Tinea corporis often has large ring-like, scaly lesions. In dark-skinned patients, the lesions of tinea corporis can be deeply pigmented. Multiple scaly, slightly elevated lesions can merge to form broad reddish-brown areas of skin. This image displays ring-like, red, scaly lesions that are slightly elevated, typical of tinea corporis (fungal skin infection). The scale in tinea corporis is often very fine and seen at the outer edge of the areas of involvement. This image displays scaly, red skin areas forming rings typical of the fungal infection of the skin known as tinea corporis.  This early patch of ringworm (tinea) on the leg has the typical circular shape. This image displays tinea manuum (hand fungus) with fine, white scaling and tinea corporis (body ringworm) with a circular lesion above the inner wrist.
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Ringworm (Tinea Corporis)  Information for adults

Picture of Ringworm (Tinea Corporis): Tinea corporis often has large ring-like, scaly lesions. Divider line
Tinea corporis often has large ring-like, scaly lesions.
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Tinea infections are commonly called ringworm because some may form a ring-like pattern on affected areas of the body. Tinea corporis, also known as ringworm of the body, tinea circinata, or simply ringworm, is a surface (superficial) fungal infection of the skin. Ringworm may be passed to humans by direct contact with infected people, infected animals, contaminated objects (such as towels or locker room floors), or the soil.

There are several kinds of ringworm, including:
  • Majocchi's granuloma, a deeper fungal infection of skin, hair, and hair follicles. It is most common in women who shave their legs.
  • Tinea corporis gladiatorum, a special name given to tinea corporis spread by skin-to-skin contact between wrestlers.
  • Tinea imbricata, a form of tinea corporis seen in Central and South America, Asia, and the South Pacific.
Who's At Risk
Ringworm may occur in people of all ages, of all races, and of both sexes.

People who are more likely to develop ringworm include:
  • Children
  • Women of child-bearing age who come into contact with infected children
  • People who have another tinea infection elsewhere on their bodies: tinea capitis (scalp), tinea faciei (face), tinea barbae (beard area), tinea cruris (groin), tinea pedis (feet), or tinea unguium (fingernails or toenails)
  • Athletes, especially those involved in contact sports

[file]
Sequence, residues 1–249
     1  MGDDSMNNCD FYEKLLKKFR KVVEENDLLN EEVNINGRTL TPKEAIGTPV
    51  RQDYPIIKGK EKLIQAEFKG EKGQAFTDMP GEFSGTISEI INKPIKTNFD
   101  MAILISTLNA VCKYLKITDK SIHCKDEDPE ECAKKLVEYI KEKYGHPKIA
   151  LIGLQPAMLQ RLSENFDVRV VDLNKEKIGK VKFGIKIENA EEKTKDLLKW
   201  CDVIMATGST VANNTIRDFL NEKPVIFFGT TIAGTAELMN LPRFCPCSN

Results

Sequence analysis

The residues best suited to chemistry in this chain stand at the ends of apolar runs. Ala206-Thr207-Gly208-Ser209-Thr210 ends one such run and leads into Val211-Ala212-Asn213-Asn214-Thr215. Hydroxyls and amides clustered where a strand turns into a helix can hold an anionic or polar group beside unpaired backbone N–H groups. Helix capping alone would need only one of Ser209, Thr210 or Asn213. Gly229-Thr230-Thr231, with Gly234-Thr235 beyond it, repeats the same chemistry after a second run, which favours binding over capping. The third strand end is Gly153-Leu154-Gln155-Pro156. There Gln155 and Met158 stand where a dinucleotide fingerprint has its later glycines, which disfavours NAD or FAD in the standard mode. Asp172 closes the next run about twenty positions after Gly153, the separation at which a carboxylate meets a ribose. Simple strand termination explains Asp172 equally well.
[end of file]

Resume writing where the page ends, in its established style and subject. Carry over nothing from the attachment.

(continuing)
• People in frequent contact with animals, especially cats, dogs, horses, and cattle
  • People with weakened immune systems
  • People who sweat heavily
  • People who live in warmer, more humid climates
Signs and Symptoms
The most common locations for ringworm include the following:
  • Neck
  • Arms
  • Legs
  • Trunk (chest, abdomen, back)
Ringworm appears as red ring-shaped patches with a raised scaly border ranging from 1 to 10 cm. The central area may be clear of any redness. The border of the affected skin may contain blisters, bumps, or scabs.

Ringworm may cause itching or burning, especially in people with weak immune systems.
Self-Care Guidelines
If you suspect that you have ringworm, you might try one of the following over-the-counter antifungal creams or lotions:
  • Terbinafine
  • Clotrimazole
  • Miconazole
Apply the cream to each lesion and to the normal-appearing skin 2 cm beyond the border of the affected skin for at least 2 weeks until the area is completely clear of the lesion. Because ringworm is very contagious, avoid contact sports until lesions have been treated for a minimum of 48 hours. Do not share towels, hats, or clothing with others until the lesions are healed.

Since people often have tinea infections on more than one body part, examine yourself for other ringworm infections, such as on the face (tinea faciei), in the beard area (tinea barbae), in the groin (tinea cruris, jock itch), or on the feet (tinea pedis, athlete's foot).

Have any household pets evaluated by a veterinarian to make sure that they do not have a fungal (ie, dermatophyte) infection. If the veterinarian discovers an infection, be sure to have the animal treated.
When to Seek Medical Care
If large areas of the body are affected or if the lesions do not improve after 1–2 weeks of applying over-the-counter antifungal creams, see your doctor for an evaluation.
Treatments Your Physician May Prescribe
In order to confirm the diagnosis of ringworm, your physician might scrape some surface skin material (scales) onto a slide and examine them under a microscope. This procedure, called a KOH (potassium hydroxide) preparation, allows the doctor to look for tell-tale signs of fungal infection.

Once the diagnosis of ringworm has been confirmed, your physician will likely start treatment with an antifungal medication. Most infections can be treated with prescription-strength topical creams and lotions, including:
  • Terbinafine
  • Clotrimazole
  • Miconazole
  • Econazole
  • Oxiconazole
  • Ciclopirox
  • Ketoconazole
  • Sulconazole
  • Naftifine
  • Butenafine
Rarely, more extensive infections or those not improving with topical antifungal medications may require 3–4 weeks of treatment with oral antifungal pills, including:
  • Terbinafine
  • Itraconazole
  • Griseofulvin
  • Fluconazole
  • Ketoconazole
The ringworm should go away within 4–6 weeks after using effective treatment.


Bolognia, Jean L., ed. Dermatology, pp.1174-1185. New York: Mosby, 2003.

Freedberg, Irwin M., ed. Fitzpatrick's Dermatology in General Medicine. 6th ed. pp.1997-1998, 2239-2243. New York: McGraw-Hill, 2003.
Last Updated: 3 May 2010